Litig8: Insolvency: Evidence of director related transactions

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By Jason Kalliris, Law Graduate

Each month as a part of Mills Oakley’s Litig8, we bring to you snapshots of eight key cases, legislative changes or other legal events. The summaries are not comprehensive and do not constitute legal advice. You should seek professional advice before taking any action based on the content of this email.

Part 6 of the May edition of Litig8

In Crowe-Maxwell v Frost [2016] NSWCA 46 (16 March 2016), the New South Wales Court of Appeal provided a useful summary of the elements and proof of a claim by a liquidator for the recovery of payments alleged to constitute unreasonable director-related transactions within the meaning of s 588FDA of the Corporations Act, 2001 (Cth).

The material facts of the case are as follows:

  • Mr and Mrs Frost (respondents) operated a childcare business through the second appellant corporation (Company) of which they were sole shareholders and directors. Mr Frost operated the Company on a full-time basis while Mrs Frost worked there on a casual basis.
  • In the running of the Company, the directors failed to keep the Company’s expenses and their personal finances separate. The Company’s books of account were also not properly kept. There was no record in the Company’s books of any payment of wages to the respondents.  Evidence revealed that the Company had paid personal expenses that the respondents had incurred.
  • From 2005, the Company’s financial circumstances began to deteriorate. On 19 November 2008, an application was lodged to wind up the Company. An order for its liquidation was made on 12 March 2009, with the first appellant being appointed as liquidator.
  • The liquidator sought to recover payments made by the Company for the director’s benefit on the basis that such payments constituted unreasonable director-related transactions within the meaning of section 588FDA of the Corporations Act 2001 (Cth).

The judge at first instance dismissed the claims made by the liquidator, finding that the payments made did not provide a benefit to the directors beyond their entitlement to be paid for their services and were not uncommercial.

On appeal, the essential question was whether the monies claimed were unreasonable director-related transactions within the meaning of section 588FDA of the Corporations Act 2001 (Cth).

Relevantly, in reaching its decision, the Court was required to address issues regarding the liquidator’s onus of proving that a transaction constituted an unreasonable director related transaction and the extent to which directors bore an onus to adduce evidence.

The Court accepted that the payments were not unreasonable director-related transactions. A lack of contractual relations in relation to remuneration for services between the Company and the respondents was not enough. Such inquiries must be centred on whether the payment was an unreasonable director-related transaction.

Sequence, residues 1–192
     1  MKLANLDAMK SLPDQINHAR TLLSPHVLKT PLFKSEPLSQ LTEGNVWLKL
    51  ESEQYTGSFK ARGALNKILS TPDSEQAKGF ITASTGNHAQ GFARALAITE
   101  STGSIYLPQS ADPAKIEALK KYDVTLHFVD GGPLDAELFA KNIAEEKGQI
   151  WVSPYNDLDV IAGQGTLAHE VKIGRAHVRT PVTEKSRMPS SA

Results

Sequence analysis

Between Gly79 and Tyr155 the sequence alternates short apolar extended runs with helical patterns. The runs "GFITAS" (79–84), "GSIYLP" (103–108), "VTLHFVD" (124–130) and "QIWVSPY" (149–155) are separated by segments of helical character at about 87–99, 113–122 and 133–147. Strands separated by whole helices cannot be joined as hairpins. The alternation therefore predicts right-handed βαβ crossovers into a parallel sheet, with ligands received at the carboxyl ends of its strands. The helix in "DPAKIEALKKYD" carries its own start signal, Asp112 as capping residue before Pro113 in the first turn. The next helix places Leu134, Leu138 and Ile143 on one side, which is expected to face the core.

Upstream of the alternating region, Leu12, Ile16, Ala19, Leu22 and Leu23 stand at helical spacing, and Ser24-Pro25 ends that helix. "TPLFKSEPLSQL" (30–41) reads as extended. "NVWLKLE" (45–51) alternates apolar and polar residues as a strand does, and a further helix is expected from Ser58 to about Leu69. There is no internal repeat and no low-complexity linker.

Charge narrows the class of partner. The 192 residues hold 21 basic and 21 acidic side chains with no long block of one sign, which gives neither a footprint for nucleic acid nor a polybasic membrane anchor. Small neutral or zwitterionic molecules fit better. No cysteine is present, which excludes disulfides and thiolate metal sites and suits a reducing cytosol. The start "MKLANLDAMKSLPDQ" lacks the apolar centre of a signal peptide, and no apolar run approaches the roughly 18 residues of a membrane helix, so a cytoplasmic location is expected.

The Court observed:

  • The existence of a contractual relationship may assist in illustrating the respective benefits and detriments contemplated by section 588FDA(1)(c)(i)-(iii), however, it is not determinative of whether a payment constitutes an unreasonable director-related transaction;
  • Almost invariably, the onus of establishing that a transaction is an unreasonable director-related transaction is on the party alleging this to be the case. However, the defendant director may bear an evidentiary onus of raising some commercial explanation for a transaction where there is limited evidence of the nature or purpose of the transaction, but surrounding circumstances illustrate that it is a departure from normal commercial practice, absent some commercial explanation;
  • Impropriety or a breach of a director’s duty is not necessary in establishing an unreasonable director-related transaction;
  • The inquiry under section 588FDA(1)(c) is concerned with the reasonableness of the company’s conduct, objectively assessed;
  • The inquiry under section 588FDA(1)(c) is conducted by reference to the company’s circumstances, encompassing all relevant matters;
  • Normal commercial practice is relevant but not determinative in conducting the section 588FDA(1)(c) inquiry;
  • The natural and ordinary meaning of the requirement that something be “for the benefit” of a person is that it be “for the advantage, profit or good” of the person. This meaning accords with the objective of the section which is to prevent directors stripping benefits out of companies to their own advantage; and
  • A transaction of derivative benefit only can still be for the benefit of the company.

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